Search This Blog

Wednesday, June 27, 2007

It’s All About Character

                             It’s All About Character

         I used to think it was about principles, but I have learned that it’s all about character. It doesn’t mean anything if you have lofty principles, but your character is so flawed that you can’t live up to those principles. I’ve met a number of such people in my life, even some who have written books extolling their lofty principles, who don’t have the character to live up to those principles. These folks have high principles and low character.

         The Republican Party held a primary in Virginia the other day and it was a good example of people of high principles and low character. Note that this doesn’t refer to liberals or conservatives, but simply people who don’t live up to the principles they profess to believe in. Unfortunately it’s nothing new, especially in politics. Those involved in politics seem to be able to rationalize not being faithful to their word or even to an oath.

         For many years, at least since the 1970s, the Virginia Republican Party asked participants in the candidate selection process (whether primary or convention) to sign a "loyalty oath." All the oath said was that if you wanted to participate in the candidate selection process that you agreed to support the ultimate nominee in the general election no matter who it turned out to be. It seems fair to me that if you want to participate in the affairs of a private organization, i.e. the Republican Party, then you agree to support the nominee, even if you have to hold your nose. After all, no one forced you to participate in the candidate selection process. I always felt that this should be especially important to anyone who is an office holderfrom precinct chairman to US Senator, but that has turned out not to be true. It’s that high principle and low character thing.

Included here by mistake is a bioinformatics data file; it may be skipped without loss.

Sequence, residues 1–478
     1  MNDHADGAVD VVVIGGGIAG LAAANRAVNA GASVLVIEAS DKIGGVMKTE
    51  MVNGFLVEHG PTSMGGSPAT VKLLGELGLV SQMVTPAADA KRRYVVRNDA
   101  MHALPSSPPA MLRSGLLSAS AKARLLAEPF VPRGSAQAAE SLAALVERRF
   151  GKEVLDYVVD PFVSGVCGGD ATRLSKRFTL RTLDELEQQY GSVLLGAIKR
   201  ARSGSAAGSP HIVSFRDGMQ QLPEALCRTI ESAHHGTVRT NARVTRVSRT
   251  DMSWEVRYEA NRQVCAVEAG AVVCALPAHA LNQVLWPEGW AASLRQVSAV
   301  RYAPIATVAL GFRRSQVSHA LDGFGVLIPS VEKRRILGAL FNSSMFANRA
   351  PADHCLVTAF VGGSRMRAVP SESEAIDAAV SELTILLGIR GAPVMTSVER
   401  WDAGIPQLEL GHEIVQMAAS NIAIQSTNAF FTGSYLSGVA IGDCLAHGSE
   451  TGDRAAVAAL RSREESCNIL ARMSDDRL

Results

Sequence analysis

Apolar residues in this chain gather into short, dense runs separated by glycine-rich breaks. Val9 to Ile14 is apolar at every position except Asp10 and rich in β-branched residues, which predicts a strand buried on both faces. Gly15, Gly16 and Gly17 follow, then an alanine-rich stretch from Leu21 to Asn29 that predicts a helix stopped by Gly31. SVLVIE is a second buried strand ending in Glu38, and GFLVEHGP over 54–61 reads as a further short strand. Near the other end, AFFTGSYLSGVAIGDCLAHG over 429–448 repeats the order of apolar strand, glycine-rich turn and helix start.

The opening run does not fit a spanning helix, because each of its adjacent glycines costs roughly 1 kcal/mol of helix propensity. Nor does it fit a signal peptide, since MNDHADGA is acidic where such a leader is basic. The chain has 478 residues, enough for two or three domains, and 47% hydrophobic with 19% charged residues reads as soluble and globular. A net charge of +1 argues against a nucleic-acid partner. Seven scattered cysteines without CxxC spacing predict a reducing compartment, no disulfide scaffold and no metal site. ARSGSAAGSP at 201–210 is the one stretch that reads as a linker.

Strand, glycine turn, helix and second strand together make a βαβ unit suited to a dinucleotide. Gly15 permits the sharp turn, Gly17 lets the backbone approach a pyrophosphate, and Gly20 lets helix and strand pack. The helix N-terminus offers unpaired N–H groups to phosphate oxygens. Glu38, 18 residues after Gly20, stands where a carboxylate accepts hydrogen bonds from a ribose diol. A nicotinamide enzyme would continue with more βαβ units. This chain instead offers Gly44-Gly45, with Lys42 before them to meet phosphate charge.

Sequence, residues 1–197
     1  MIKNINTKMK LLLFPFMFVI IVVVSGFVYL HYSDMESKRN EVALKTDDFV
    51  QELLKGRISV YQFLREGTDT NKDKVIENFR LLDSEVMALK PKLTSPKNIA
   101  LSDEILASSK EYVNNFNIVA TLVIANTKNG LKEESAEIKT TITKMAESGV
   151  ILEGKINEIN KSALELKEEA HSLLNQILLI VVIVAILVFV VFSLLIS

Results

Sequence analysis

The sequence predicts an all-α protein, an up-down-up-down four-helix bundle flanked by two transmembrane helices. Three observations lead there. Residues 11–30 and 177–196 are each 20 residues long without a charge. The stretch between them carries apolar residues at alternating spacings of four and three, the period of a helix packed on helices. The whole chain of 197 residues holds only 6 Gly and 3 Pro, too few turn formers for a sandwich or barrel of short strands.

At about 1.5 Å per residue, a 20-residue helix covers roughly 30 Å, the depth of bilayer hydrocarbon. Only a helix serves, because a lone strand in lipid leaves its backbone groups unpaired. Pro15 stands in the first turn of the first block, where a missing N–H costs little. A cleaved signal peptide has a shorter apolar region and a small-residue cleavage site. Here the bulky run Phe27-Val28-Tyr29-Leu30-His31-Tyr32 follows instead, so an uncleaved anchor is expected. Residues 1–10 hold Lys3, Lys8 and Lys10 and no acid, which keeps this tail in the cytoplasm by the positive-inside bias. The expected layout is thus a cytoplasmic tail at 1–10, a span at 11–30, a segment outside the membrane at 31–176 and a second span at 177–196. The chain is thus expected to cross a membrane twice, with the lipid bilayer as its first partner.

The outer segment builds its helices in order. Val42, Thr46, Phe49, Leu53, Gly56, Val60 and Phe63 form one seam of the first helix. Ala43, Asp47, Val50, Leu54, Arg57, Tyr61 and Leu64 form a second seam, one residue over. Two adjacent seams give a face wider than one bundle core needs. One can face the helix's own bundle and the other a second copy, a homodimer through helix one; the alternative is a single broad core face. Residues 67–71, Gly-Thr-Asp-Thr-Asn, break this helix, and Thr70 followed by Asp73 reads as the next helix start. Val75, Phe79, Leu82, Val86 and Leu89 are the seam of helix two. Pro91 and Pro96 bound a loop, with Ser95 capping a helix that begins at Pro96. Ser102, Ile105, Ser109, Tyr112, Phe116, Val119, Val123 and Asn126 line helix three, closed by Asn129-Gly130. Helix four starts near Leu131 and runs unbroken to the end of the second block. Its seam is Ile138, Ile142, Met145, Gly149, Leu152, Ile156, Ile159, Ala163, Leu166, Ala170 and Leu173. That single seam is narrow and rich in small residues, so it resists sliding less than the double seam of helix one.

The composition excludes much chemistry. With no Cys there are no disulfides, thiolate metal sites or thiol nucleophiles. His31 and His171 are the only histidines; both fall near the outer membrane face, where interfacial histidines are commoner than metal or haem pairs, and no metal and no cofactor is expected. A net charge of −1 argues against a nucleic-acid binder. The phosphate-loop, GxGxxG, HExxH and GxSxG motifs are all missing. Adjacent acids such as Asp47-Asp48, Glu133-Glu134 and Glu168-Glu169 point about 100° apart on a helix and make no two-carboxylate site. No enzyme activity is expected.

In 1980 at a district GOP convention, the purpose was to select delegates to the national Republican convention. Several candidates were running for the Republican Nomination for President, including George Bush and Ronald Reagan. Well, as you know, Ronald Reagan ended up being the Republican nominee. I naively expected all Republicans to rally around their nominee. After all, wasn’t that what they agreed to do when they signed the loyalty oath. Instead, a good number of "Republicans" ignored the fact that they had given their word to support the Republican nominee and instead supported John Anderson for President.

         Fast forward a few years to the US Senate contest where Oliver North was chosen as the Republican nominee through a statewide primary. Not only did John Warner decide that he would not campaign for Ollie, he went out and recruited an independent candidate in an effort that successfully torpedoed the Republican nominee in the general election. Now presumably John Warner, who is older than I am, signed that same loyalty oath that I signed. I don’t know what kind of mental gymnastics he went through to rationalize breaking his word and deserting his party, but he did it. Once again, it was a display of high principles and low character. And, unfortunately, it wasn’t the only time this "Republican" senator actively campaigned against statewide nominees of the Party.

         In the Virginia Republican primary held last week, two incumbent Republican Senators were defeated in the primary. Apparently these senators felt that they have a God given right to their state senate seats. Otherwise, why would they now be criticizing their Party with the intent of causing the winning nominee to lose the election? Or why would retiring state senator Russell Potts say he is considering endorsing the Democrat candidate for his seat? Where is the loyalty? Where is the character? But why should I be surprised? This same Senator Potts ran as an independent candidate for US Senate in the last election with the express purpose of defeating Republican incumbent George Allen.